I recently posted images of a tabletop arcade machine that I’ve build – the Monster Arcade Junior (link). This post contains the full size version of the machine, the Monster Arcade Senior. The arcade is an upright version and its primary use is for playing original arcade games using the Multiple Arcade Machine Emulator (link) also known as MAME (I know that true arcade game aficionados loathe MAME, but it sure makes it a lot easier to swap among games…).
The Monster Aracde Sr. arcade machine was made during a time period of about 4 months and an excess of 200+ hours were spent on the build. I wanted the cabinet to have a clean look on the outside. I therefore opted for a professionally manufactured wooden cabinet made from black melamine faced particleboards. The software should be run from a standard computer to make everything run as smooth as possible.
Even though building an arcade machine is never a straight forward job, I have subdivided it into the following sections:
The cabinet was ordered from Arcadeworld.co.uk (link) as a so-called ‘Flat pack upright arcade cabinet kit’. It came complete with chrome T-molding installed, a pre-drilled (2 player layout) control panel, a lock/key set and a set of wheels for the base. Assembly instructions and fixings were also included in the box. The shipping ended up costing me about the same as the kit itself as it weigthed approximately 60 kg (132 pounds).
The instructions were pretty easy to follow and the cabinet was asembled within an hour or so.
Fast forwarding in time and the machine ended up looking like this. I think it has the clean look I wanted without too much eye catching arcade graphics. The kit also came with a plexi set for covering the monitor area. I painted the plexi black on the backside to cover up the electronics surrounding the LCD monitor. Happ Standard buttons were placed on the cabinet’s sides for pinball emulation.
The backside of the cabinet with fans for cooling, a power chord for the internal PC and wheels for easy maneuverability.
The dimmed light from the marquee is what makes it a true arcade machine! To light up the marquee, I used Nova Matrix Linx™ LED lights from GroovyGameGear (link). The LED’s are daisy chained together and powered directly from a Molex-style power plug which is simply tapped into the 12 V supply from the PC power supply.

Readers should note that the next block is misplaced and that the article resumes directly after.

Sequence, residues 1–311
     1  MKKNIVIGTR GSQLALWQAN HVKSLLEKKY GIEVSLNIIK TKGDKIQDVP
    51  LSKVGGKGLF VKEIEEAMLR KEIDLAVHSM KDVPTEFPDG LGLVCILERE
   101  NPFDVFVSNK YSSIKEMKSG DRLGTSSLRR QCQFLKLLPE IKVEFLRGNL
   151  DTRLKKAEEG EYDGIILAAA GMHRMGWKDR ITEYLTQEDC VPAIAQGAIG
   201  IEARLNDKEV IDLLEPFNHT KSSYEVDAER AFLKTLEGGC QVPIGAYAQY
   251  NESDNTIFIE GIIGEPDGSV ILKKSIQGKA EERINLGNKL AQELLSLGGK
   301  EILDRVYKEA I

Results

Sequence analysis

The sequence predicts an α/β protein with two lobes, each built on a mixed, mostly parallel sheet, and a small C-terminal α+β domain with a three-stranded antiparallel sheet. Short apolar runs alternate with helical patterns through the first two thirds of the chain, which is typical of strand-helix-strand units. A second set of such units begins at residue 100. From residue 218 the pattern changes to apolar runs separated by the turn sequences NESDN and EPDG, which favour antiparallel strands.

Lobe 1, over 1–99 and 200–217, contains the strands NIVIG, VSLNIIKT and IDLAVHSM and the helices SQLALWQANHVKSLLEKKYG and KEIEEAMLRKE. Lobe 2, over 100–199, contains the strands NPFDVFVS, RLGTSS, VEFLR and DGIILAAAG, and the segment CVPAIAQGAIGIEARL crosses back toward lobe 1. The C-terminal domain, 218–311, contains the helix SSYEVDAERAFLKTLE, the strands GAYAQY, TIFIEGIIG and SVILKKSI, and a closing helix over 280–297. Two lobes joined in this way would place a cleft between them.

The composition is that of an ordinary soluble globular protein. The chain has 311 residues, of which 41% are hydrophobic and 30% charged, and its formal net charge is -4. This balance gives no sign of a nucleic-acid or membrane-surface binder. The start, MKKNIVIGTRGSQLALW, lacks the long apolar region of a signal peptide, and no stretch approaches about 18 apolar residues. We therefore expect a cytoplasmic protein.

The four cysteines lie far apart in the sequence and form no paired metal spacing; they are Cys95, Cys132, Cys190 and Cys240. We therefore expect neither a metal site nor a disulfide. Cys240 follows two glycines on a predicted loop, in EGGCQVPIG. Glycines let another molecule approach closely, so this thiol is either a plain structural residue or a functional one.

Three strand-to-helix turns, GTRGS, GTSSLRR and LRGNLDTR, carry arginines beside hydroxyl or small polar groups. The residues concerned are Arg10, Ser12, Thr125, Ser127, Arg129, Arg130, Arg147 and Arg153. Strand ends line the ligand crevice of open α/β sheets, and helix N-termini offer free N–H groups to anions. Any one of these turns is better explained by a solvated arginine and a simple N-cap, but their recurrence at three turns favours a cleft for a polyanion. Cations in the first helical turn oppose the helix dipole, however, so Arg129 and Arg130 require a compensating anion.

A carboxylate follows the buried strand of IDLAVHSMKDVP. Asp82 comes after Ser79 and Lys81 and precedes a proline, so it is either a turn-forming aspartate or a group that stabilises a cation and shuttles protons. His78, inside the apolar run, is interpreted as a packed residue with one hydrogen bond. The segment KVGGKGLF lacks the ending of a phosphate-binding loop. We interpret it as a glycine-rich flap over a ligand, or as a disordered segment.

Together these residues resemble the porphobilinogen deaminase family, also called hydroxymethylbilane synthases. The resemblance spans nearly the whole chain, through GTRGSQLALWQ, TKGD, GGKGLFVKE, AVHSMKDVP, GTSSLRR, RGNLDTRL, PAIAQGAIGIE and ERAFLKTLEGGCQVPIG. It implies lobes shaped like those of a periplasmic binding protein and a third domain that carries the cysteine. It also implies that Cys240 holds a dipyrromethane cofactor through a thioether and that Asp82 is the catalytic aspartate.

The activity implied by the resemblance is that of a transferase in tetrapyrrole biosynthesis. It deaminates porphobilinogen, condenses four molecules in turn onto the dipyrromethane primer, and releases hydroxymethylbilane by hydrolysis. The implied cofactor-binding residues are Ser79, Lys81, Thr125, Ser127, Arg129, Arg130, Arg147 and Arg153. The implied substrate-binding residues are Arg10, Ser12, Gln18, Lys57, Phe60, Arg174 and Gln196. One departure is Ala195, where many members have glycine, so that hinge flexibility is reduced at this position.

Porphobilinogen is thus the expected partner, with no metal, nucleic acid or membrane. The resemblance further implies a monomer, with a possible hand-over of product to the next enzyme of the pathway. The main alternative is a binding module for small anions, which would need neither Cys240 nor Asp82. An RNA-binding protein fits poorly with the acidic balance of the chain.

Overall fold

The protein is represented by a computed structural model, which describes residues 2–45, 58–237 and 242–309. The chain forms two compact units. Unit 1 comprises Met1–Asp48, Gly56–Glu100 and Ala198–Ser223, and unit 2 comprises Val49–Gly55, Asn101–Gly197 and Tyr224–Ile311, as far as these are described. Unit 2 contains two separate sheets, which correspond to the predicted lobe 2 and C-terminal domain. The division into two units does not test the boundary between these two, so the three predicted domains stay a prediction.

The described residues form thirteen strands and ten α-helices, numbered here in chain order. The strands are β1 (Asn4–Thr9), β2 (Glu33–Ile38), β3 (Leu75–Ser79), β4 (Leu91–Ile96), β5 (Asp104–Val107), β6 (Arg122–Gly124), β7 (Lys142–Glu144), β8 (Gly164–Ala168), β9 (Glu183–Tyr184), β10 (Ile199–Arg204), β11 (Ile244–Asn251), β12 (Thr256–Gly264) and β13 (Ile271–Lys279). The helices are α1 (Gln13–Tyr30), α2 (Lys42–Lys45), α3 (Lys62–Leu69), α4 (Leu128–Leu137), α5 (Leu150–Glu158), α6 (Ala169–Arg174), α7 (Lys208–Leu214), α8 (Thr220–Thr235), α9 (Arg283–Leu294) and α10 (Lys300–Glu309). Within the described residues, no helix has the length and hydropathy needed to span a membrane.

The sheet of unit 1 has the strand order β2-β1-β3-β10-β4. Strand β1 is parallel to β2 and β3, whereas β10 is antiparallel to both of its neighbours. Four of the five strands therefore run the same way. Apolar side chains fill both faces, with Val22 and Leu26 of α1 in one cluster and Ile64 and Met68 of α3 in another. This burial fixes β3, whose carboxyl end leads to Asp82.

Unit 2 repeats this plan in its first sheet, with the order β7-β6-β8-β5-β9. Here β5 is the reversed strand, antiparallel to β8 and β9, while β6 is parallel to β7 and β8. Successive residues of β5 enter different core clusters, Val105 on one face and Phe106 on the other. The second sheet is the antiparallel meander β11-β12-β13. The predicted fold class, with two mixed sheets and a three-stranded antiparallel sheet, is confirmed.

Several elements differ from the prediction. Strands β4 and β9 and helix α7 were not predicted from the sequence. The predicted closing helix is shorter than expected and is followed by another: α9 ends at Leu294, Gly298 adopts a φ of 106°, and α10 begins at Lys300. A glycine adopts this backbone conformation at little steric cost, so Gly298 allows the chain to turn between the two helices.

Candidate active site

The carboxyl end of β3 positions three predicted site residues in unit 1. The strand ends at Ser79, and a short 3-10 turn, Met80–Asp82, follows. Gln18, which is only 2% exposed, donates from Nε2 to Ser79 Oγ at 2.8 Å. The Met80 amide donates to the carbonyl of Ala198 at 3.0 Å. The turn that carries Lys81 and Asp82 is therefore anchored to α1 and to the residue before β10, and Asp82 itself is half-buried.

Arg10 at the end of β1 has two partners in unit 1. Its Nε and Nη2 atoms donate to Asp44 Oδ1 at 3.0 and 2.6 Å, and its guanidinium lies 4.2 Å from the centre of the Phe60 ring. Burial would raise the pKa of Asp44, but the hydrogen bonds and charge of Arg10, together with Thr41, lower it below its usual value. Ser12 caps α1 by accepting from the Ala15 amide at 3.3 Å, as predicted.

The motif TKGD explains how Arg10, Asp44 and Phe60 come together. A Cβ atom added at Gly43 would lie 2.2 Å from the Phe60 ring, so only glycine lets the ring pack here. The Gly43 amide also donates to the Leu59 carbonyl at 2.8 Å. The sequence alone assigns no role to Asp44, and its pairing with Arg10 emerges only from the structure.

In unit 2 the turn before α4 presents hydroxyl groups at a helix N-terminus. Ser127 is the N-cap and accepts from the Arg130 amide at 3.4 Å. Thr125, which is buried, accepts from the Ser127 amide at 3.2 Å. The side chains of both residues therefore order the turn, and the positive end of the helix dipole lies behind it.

The cabinet kit came with two black metal brackets and two pieces of plexiglass acryllic sheets. A light transparrent piece of paper, with my own artwork, was placed between the transparent sheets and the metal brackets were screwed in to hold everything in place.
This is the graphics that was used for the marquee with a size of 540x120mm (21.25×4.71 in) using 2041×454 pixels.
Let there be light…
This is one of the most important parts of the arcade system as the hardware used (buttons and joysticks) has a direct influence on the gaming experience. I went through a couple of iterations before settling on my current setup. It all comes down to personal taste and the type of games being played. I like to play vertical shooters and platform games. To optimze my gaming experience I therefore have completely different setups for Player 1 and Player 2, eventhough the joysticks and buttons look alike.
The vertical shooters setup consists of a Seimitsu LS-56 joystick and Sanwa OBSF-30 buttons. The Seimitsu joystick features a medium engage distance which is related to how far the joystick has to be moved from a neutral position before engaging the micro switches. It also has a medium throw distance which is the distance it has to be moved before hitting the retstrictor plate. These characteristics makes the on-screen character move with the smallest movement of the joystick. The same holds true for the Sanwa buttons as they exhibit very short engage distances and barely have to be touched in order to be activated. I prefer this setup in vertical shooting games, as shooting enemies does not call for the same precision as jumping in a platform game does. The buttons just have to shoot as fast as possible.